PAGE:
When the AZ Awards were launched in 2011, more than 600 submissions from 25 countries poured in for consideration — not a bad showing for a brand-new undertaking. Flash forward to today and the numbers are even more impressive: This year, more than 1,200 projects from nearly 50 countries were submitted for evaluation, the winners placing in a total of 20 categories (up from 14 a decade ago).
Over that period, the awards have also spawned a host of attendant traditions, from the illustrious Guests of Honour who now join us for our gala presentations in Toronto (staged virtually this year because of COVID-19) to the design of original installations for adorning said ceremonies. One of the most memorable interventions, by Castor Design, is recalled below, as are other highlights from AZ Awards seasons past. Incidentally, the customary material for 10th-anniversary gifts is tin, which may lack a certain glamour, but is strong and resilient — estimable qualities to have, in this most unusual of years, as we celebrate the past while looking forward to the future.
The very first installment of the AZ Awards was the opposite of a showstopper: It actually inspired the putting on of a show. Running for more than three months at Toronto’s Harbourfront Centre, the 2011 AZ Awards Exhibition showcased the chosen works of the inaugural winners and finalists, presenting everything from photographs and drawings to a full-size sample of the top pick in the Best Furniture System category: Gabriele Centazzo’s luminous glass-clad kitchen cabinetry for Valcucine. Among others represented were architect Todd Saunders, designer Philippe Starck and then-student (now Partisans cofounder) Alex Josephson.
From Italian furniture to Scandinavian product design to building-boom-fuelled Chinese architecture, certain countries and regions have tended to dominate particular categories. Occasionally, though, a sleeper nation will emerge from the pack, causing us to look at its design culture in a whole new light. Such was the case in 2012, when Mexican projects were named both the Best Commercial Building Under 1,000 Square Metres (that was BNKR Arquitectura’s strikingly angular Sunset Chapel, pictured here) and a finalist in the same category (Mexico City restaurant Tori Tori, by Rojkind Arquitectos with Esrawe Studio). Since then, Michel Rojkind and Héctor Esrawe have become perennial favourites of Azure’s (Esrawe’s latest Tori Tori outpost is a 2020 finalist), their work reflecting their home country’s now-powerhouse design status. We’ve been proud to have had a hand in promoting the revolution.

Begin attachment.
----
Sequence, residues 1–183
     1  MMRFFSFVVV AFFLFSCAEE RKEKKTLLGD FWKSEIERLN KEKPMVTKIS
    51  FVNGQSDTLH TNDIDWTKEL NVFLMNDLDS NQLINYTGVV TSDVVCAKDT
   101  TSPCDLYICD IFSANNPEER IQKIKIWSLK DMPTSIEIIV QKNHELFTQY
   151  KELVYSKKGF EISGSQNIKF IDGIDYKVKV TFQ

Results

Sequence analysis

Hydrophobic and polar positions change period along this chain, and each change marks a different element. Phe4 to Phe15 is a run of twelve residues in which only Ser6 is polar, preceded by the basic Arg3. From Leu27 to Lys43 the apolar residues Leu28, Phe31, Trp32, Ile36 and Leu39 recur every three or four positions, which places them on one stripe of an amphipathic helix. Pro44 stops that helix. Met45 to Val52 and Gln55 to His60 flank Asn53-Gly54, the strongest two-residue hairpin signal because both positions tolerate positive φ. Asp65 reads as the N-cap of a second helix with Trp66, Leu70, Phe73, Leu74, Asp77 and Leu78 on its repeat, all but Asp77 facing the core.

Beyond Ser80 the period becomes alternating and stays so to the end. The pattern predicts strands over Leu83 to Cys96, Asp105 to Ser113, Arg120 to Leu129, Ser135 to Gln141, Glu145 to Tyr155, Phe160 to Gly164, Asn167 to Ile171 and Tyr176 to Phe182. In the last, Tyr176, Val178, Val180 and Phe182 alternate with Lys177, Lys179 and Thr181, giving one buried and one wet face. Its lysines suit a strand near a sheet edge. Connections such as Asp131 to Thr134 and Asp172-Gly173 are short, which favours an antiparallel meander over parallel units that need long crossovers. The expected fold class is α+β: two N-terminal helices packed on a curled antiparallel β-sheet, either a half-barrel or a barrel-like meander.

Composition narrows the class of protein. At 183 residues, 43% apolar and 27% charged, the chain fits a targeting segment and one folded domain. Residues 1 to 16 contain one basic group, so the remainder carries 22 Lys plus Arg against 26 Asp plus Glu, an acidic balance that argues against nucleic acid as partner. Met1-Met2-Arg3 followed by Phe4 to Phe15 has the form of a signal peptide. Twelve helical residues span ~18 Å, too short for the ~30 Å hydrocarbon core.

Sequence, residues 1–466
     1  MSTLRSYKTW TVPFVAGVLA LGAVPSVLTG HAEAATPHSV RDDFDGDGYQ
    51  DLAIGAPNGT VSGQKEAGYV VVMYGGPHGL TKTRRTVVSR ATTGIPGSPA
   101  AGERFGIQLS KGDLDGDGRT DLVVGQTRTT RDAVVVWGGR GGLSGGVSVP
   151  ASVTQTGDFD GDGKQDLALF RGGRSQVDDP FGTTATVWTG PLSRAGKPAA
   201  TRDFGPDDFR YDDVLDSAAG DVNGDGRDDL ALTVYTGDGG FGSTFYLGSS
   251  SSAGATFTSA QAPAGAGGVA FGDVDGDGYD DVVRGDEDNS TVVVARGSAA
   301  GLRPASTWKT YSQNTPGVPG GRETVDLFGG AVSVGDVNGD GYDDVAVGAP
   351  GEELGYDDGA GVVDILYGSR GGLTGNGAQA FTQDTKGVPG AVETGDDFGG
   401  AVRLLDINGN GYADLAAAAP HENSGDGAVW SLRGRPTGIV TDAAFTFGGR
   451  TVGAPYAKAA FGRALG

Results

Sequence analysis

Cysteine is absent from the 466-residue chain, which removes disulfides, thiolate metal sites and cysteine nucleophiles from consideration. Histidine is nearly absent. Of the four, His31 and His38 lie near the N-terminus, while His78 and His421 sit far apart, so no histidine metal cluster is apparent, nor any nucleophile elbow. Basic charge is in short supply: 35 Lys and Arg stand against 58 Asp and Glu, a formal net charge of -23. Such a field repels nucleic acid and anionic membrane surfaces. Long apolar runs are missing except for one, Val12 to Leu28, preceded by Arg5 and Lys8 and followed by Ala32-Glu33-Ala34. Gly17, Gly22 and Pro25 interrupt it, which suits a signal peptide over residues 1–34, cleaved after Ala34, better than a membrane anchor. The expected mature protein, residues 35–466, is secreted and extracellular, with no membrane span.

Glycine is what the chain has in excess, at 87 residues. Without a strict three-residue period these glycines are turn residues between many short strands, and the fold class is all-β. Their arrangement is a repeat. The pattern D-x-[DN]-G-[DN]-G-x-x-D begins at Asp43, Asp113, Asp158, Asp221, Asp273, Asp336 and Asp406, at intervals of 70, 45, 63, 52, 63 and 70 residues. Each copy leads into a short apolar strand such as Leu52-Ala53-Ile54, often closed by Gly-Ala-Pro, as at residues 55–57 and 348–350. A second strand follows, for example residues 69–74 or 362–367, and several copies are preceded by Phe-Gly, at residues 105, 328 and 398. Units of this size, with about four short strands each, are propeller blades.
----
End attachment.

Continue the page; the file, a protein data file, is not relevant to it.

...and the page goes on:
Over the years, a number of site-specfic installations have added oomph, edge and wow factor to the AZ Awards presentations. One of the most ambitious was Castor Design’s large-scale sculpture encircling a white piano during the 2016 gala at Toronto’s Evergreen Brick Works. Composed of hundreds of fluorescent light tubes, the interactive design employed wireless induction to illuminate individual bulbs in response to sounds from the instrument. The result was a simultaneous light show and musical performance with every chord struck — true medleys of sight and sound.
The list of our Awards-night Guests of Honour constitutes a who’s who of the design world and encompasses practically every discipline. In 2016, one of the fathers of “design art,” Gaetano Pesce, lent his unique presence to the festivities, while landscape architect Martha Schwartz, appearing three years later, electrified the audience with an urgent call to decarbonize the planet. In 2018, MVRDV co-founder Winy Maas (pictured) flew in from the Netherlands to take part in the gala, where he memorably regaled the crowd with his vision of the future, including a need to think bigger.
This year, in light of – well, everything! – we took the show virtual. The AZ Awards Gala featured Azure executive editor Elizabeth Pagliacolo (left) and MC Jess Allen (right), who announced the 20 winners. The online event included special appearances by AZ Awards All-Stars Karim Rashid, Claire Weisz, Nader Tehrani and more. And it also included a signature cocktail prepared by the inimitable George Yabu and Glenn Pushelberg. If you missed the show you can watch it on Azure’s Youtube and Facebook platforms.
Looking back on some of our favourite moments from 10 years of the AZ Awards.